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Lesson Transcript

Fernando: “Quench Your Thirst in Spanish!” JP, how are you? Are you thirsty today, JP?
JP: I am thirsty. I can use a glass of water. How are you doing, Fernando?
Fernando: I am good, thanks.
JP: So Fernando, tell us what we are going to talk about today.
Fernando: My pleasure. In this lesson, you will learn about present tense verb with regular “yo” forms. This conversation takes place in an office during an interview. The conversation is between Claudio and the director of a company. The speakers will be using the formal register.
JP: All right, you are ready to hear this exchange between Claudio and the director?
Fernando: Yes.
Director: Gracias por su tiempo. ¿Gusta algo de tomar?
Claudio: Agua, si es tan amable.
Director: En un momento le traigo el agua.
Claudio: Qué amable. Muchas gracias.
Director: Thank you for your time. Do you want something to drink?
Claudio: Water, if you could be so kind.
Director: I'll bring you water in a moment.
Claudio: How kind. Thank you very much.
JP: Fernando, what a polite conversation we had.
Fernando: I know, polite and brief.
JP: Yeah.
Fernando: Which is kind of nice. You know, it’s refreshing.
JP: Yeah, of course.
Fernando: Refreshing, yeah.
JP: Refreshing.
Fernando: I am sorry.
JP: Okay, so Claudio just sits down to the interview with the director and the director being very polite and nice, thanks him for his time.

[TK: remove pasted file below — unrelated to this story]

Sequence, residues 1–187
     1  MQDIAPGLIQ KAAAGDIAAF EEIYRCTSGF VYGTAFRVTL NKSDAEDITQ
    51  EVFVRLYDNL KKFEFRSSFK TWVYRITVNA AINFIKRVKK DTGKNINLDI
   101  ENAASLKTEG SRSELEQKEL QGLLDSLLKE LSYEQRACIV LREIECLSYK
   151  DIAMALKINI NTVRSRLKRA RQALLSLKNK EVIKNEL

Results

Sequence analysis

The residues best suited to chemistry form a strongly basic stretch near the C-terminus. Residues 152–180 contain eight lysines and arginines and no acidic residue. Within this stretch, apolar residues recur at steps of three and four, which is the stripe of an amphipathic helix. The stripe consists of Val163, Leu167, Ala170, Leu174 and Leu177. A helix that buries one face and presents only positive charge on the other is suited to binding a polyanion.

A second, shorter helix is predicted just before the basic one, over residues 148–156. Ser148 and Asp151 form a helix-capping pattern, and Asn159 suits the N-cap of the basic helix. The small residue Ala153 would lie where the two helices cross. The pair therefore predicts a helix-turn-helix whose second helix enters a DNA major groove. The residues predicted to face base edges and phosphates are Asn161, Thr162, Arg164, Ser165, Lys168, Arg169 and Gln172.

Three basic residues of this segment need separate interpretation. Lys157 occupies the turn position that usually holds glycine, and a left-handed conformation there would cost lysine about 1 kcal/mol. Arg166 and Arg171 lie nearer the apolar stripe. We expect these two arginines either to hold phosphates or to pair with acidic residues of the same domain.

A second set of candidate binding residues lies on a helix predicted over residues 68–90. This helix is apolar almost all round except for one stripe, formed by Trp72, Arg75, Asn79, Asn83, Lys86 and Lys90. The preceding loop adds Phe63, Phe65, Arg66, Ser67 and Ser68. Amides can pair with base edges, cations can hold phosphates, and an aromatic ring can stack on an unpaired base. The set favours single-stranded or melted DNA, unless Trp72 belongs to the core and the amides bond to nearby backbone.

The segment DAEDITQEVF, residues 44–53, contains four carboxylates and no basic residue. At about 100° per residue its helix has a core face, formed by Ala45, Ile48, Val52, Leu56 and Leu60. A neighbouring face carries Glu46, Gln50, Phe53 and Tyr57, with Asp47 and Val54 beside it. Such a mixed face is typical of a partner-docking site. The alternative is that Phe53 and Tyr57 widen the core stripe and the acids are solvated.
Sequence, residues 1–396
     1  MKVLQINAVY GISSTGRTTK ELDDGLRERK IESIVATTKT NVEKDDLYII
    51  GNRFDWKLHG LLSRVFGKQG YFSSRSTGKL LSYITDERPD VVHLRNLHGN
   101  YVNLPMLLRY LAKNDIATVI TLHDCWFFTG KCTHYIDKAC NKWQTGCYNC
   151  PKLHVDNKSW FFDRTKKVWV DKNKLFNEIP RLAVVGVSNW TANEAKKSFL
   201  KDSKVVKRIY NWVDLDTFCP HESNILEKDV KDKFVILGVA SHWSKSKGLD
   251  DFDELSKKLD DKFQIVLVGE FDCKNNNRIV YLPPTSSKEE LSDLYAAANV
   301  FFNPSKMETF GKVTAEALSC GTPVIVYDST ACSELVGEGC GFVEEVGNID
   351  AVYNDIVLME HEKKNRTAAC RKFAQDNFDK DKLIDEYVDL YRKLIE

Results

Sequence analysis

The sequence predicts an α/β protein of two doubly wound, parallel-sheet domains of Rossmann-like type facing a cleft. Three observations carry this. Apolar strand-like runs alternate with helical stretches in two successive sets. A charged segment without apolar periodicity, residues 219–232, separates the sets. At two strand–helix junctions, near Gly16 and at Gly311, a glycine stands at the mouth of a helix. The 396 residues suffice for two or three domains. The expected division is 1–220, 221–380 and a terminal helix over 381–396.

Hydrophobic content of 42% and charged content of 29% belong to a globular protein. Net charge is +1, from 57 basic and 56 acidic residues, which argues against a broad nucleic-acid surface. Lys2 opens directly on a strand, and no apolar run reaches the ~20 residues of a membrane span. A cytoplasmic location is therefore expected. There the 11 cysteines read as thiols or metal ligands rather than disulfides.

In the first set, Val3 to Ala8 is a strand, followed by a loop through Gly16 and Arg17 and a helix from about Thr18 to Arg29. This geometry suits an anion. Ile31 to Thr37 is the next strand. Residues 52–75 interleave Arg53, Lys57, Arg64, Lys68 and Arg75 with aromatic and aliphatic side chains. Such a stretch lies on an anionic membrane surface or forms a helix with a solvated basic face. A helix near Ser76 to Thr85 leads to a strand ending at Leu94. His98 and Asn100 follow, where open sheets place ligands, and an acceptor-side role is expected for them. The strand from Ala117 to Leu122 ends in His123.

Fernando: “Gracias por su tiempo”.
JP: “Gracias por su tiempo”. “Gracias” meaning “thank you” and “por su tiempo”, “for your time.” And then offers him something to drink.
Fernando: “¿Gusta algo de tomar?”
JP: “¿Gusta algo de tomar?” Now our word for “to drink” here
Fernando: “Tomar”.
JP: “Tomar”. Okay. “Tomar” can mean “to take” or can mean “to drink.” Now if we want to say “something to drink”...
Fernando: “Algo de tomar”.
JP: “Algo de tomar”. “Algo” means something. And let’s put it all together. “Would you like something to drink?”
Fernando: “Do you want something to drink?”, “¿Gusta algo de tomar?”
JP: “¿Gusta algo de tomar?”. The answer is “water, please.”
Fernando: “Agua, si es tan amable”.
JP: Okay. Now the word for “water” again?
Fernando: “Agua”.
JP: “Agua”. Okay, I know that from “Sesame Street”.
Fernando: Who did the Spanish “Sesame Street”?
JP: It was a long…
Fernando: That’s how long ago, folks. He is thinking. He cannot think that far back.
JP: It was a little cartoon.
Fernando: Yeah.
JP: Now how did he say “please”?
Fernando: “Si es tan amable”.
JP: “Si es tan amable”. Okay, this looks like four words and it’s kind of a long phrase.
Fernando: It’s very formal.
JP: Usually people just say “por favor”, right?
Fernando: Right, but I guess the situation presents this type of formality.
JP: Now it’s nice to say “si es tan amable” if you are asking for something a little extra, right? If you are asking for someone to go out of their way to do something.
Fernando: Yes, yes.
JP: You can say “si es tan amable”.
Fernando: “Si es tan amable”.
JP: Like “por favor” if you ask them to do something regular but if you ask for something extra like you know a glass of water when he doesn’t have to, oh if you could be so kind.
Fernando: Even the tone itself can lend itself to this type of formality. If you are at a really fine restaurant, you know, you can “agua, si es tan amable” and the director responds, “I will bring you water in a moment.”
JP: “En un momento le traigo el agua”. So “el agua” we know means “water” and “I will bring you the water”...
Fernando: “Le traigo”.
JP: “Le traigo”, “le traigo el agua”. So “I will bring you the water.” “Traigo” is the verb “traer” and then at the very beginning, we said “in a moment.”
Fernando: “In a moment”, “en un momento”.
JP: “En un momento le traigo el agua”. And Claudio answers, “oh how kind!”
Fernando: “Qué amable”.
JP: “Qué amable”. That word “amable” means “kind” or “friendly”, right? So “qué amable”, “how friendly”, “how kind of you.”